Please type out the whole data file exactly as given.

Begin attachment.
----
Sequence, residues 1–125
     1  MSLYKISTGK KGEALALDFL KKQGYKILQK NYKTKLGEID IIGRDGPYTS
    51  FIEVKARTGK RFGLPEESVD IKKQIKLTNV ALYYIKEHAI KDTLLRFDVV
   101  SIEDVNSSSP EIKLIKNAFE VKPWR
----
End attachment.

Sequence, residues 1–125
     1  MSLYKISTGK KGEALALDFL KKQGYKILQK NYKTKLGEID IIGRDGPYTS
    51  FIEVKARTGK RFGLPEESVD IKKQIKLTNV ALYYIKEHAI KDTLLRFDVV
   101  SIEDVNSSSP EIKLIKNAFE VKPWR